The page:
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Interview: What's The Plan For Washoe Schools?

Alexa Ard

The Washoe County School Board approved a 76 million dollar plan for new and renovated school facilities.

Reno Public Radio's Noah Glick sat down with Pete Etchart, the chief operations officer for the Washoe County School District, to discuss exactly what projects are covered in this first round of spending.

KUNR:  Walk me through the plan that was approved this week.

Etchart: "Well this is a culmination of a couple of years’ worth of work really. It all started with the legislature and the public schools overcrowding repair needs committee, which they formed. They made a list of what they actually wanted to fund in this community. And we’re going to go off that list the community approved and we’re going to start building schools."

"To put it in a nutshell, I think we’re going to see three new high schools, three new middle schools and nine new elementary schools. That’s the plan over the next nine years. Before, honestly we didn’t have the funds to buy land, so that’s obviously our top priority."

"The construction projects included is the addition to Damonte Ranch High School; we’ll probably break ground in March. And we’ll see that addition completed by December of next year. The other addition we’re going to see right now is to our nutrition services center."

"But what we’re really starting on now is design for the elementary schools and middle schools. We hope to get started on one new elementary school in that South Meadows/Double Diamond area, and then two new middle schools: one in Sun Valley and one in Spanish Springs. So those are the projects we’re going to start design on right now."

What is the cost of building a new school?

"So we looked at them a lot of different ways. One, we looked at national trends and what costs of schools are. We looked at the six western states and what they were costing. We looked at our old schools and actually increased them by inflation to see what they would cost today. And then we looked at what was being built in Clark County."

"So at the end of all that, the cost we came up with is $23 million for an elementary school, $55 million for a middle school and $110 million for a high school."

What is the district’s plan for providing equity to students in some of the older schools in the district?

"One of the things the community decided to fund and was really adamant about funding, was to provide equity into our schools. So they funded $50 million over the next nine to ten years to actually start looking at those inner-core schools to make sure they have the same classrooms and those students have the same advantages all of our students have—whether in a newer school or an older school."

"Right now we’re going to go forward with an analysis of our existing schools. We just authorized $500,000 to really look at our older schools, use what we call our “educational specifications” that we use to build new schools, and use those educational specifications to compare them to our existing older schools to make sure we can bring them up to the same exact standards—so all students have the same opportunities educationally."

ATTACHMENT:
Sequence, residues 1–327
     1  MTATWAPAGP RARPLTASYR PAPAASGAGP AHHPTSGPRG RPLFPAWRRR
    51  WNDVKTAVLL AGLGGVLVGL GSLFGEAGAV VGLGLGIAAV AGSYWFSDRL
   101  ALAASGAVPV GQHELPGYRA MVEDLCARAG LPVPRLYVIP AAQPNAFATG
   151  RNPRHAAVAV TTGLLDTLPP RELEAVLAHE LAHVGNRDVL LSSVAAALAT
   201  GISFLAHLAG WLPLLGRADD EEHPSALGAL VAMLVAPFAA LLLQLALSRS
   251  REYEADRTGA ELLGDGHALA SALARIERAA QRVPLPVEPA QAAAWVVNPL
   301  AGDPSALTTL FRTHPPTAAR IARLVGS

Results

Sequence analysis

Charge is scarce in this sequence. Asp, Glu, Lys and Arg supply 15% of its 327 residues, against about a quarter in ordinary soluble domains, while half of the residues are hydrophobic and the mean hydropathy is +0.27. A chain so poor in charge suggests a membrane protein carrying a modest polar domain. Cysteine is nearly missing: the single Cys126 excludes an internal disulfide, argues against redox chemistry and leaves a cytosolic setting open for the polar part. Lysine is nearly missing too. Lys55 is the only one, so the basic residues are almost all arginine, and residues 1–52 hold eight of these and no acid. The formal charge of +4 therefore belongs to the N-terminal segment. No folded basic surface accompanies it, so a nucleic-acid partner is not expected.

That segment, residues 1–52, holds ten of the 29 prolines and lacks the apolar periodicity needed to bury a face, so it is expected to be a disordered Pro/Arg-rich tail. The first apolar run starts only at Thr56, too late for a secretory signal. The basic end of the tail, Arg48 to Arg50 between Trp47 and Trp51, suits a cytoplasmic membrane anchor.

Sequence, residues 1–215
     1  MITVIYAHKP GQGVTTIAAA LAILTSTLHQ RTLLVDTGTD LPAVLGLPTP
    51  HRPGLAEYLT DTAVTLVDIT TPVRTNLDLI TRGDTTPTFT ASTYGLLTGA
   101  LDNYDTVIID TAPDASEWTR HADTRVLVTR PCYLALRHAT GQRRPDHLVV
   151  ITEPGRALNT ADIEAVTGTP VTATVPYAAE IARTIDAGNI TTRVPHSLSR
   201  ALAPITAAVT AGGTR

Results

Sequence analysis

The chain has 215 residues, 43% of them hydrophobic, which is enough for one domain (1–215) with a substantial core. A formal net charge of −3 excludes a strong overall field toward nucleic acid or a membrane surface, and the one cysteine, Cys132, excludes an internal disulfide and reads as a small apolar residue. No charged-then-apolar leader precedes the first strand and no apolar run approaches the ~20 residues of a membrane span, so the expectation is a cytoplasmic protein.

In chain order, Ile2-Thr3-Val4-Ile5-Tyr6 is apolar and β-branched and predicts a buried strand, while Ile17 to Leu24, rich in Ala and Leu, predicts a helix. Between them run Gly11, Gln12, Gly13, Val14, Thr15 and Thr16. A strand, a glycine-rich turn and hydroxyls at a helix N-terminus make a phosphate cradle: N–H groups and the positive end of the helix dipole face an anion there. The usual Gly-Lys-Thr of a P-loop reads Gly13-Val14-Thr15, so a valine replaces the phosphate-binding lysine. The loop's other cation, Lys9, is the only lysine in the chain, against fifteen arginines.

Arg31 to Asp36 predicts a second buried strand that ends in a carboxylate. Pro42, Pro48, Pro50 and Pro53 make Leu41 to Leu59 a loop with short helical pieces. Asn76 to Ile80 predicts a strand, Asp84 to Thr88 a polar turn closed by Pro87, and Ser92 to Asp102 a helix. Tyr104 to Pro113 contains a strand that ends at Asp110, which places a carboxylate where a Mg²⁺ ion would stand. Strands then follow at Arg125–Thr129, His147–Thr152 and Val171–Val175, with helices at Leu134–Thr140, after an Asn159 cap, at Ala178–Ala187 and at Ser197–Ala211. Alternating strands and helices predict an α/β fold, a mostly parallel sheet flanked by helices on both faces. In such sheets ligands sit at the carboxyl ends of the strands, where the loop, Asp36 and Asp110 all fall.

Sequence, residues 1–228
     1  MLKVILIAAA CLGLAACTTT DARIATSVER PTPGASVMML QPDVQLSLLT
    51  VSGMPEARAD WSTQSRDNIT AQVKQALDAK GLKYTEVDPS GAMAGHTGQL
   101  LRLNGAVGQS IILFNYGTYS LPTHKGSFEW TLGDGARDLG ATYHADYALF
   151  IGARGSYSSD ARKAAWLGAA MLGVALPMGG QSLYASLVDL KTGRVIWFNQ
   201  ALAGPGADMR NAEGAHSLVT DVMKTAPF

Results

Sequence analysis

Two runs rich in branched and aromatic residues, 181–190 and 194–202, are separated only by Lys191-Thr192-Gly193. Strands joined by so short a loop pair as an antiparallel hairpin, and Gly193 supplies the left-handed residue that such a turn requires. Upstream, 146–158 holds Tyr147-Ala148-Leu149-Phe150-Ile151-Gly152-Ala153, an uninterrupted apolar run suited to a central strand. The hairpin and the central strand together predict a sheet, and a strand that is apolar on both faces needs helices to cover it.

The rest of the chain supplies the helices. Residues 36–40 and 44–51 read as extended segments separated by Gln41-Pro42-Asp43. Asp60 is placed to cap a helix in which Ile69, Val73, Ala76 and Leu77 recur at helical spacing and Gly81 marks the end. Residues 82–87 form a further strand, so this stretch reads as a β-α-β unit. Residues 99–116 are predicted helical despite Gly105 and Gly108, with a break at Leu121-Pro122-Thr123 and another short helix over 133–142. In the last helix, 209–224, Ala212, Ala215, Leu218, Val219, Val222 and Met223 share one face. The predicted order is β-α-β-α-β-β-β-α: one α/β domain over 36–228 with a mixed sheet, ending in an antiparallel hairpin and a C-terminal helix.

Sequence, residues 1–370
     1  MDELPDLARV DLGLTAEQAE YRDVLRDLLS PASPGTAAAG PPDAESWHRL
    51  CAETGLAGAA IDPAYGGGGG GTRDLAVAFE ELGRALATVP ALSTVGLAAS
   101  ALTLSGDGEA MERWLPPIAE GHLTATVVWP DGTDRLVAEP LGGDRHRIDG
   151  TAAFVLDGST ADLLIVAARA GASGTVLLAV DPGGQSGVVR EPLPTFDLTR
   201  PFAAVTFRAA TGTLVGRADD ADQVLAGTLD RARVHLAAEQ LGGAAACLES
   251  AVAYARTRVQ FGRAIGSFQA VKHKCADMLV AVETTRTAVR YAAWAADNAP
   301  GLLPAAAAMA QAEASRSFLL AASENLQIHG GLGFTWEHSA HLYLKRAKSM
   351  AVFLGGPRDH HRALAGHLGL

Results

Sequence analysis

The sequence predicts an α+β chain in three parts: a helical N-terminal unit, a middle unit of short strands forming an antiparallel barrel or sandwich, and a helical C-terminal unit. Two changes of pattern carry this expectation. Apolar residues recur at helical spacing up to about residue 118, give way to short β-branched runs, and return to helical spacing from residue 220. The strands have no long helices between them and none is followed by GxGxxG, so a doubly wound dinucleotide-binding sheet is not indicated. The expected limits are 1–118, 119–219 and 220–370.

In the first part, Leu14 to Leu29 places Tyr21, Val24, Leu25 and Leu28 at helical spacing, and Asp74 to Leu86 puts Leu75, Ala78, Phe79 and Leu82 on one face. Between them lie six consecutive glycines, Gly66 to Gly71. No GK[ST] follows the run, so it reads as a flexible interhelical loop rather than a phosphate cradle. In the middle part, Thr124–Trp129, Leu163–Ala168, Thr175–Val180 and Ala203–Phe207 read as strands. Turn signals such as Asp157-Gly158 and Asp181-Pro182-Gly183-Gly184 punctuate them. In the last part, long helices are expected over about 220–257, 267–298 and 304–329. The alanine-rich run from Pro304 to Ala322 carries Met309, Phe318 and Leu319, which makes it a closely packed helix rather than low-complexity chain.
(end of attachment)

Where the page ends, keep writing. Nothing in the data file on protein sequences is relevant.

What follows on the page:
What are the key priorities for renovations and repairs?

"The Washoe County School District has long really prioritized on safe, warm and dry. Now we have made a commitment to have $20 million a year going into repairing our existing schools, and try to start making a dent into those hundreds of millions of dollars in repair backlog in our existing schools."

"We’re also going to start attacking some of those playgrounds and asphalt surfaces and carpeting and all those needs a school district has."

"This problem obviously didn’t occur overnight; it’s not going to be solved overnight. It’s going to take every bit of those ten years to really get caught up."

As you know, voters passed WC-1 last month that increased the county sales tax for school facilities. This first phase is actually not funded through that though. Can you walk me through the funding mechanism for this phase and explain how the district is planning on spending the money from the tax increase?

"We have two funding sources to build schools, repair schools and renovate schools. First one is our existing source, which is property tax. We receive 0.3885 cents per every $100 of assessed value of your home. So that’s what we’ve been working with for many, many years. All the projects were approved based on our property tax revenues, our existing property tax."

"We won’t start seeing the new sales tax revenue, the county should start collecting those in about April. We’re always a couple of months behind when we receive funds, so we’ll start receiving funds around June."

"We hope to have our first bond allocation around June or July to actually get approval to start selling sales tax bonds, so we can start building schools. It will probably be around a $200 million allowance for us to start selling bonds. And that’s the money we’ll really use to start building these schools."

"So right now, to design schools and get started is our property tax revenue, and then the sales tax will kick in."

Pete Etchart is Chief Operations Officer for the Washoe County School District. Hit play to hear the full interview.

Noah Glick is a former content director and host at KUNR Public Radio.
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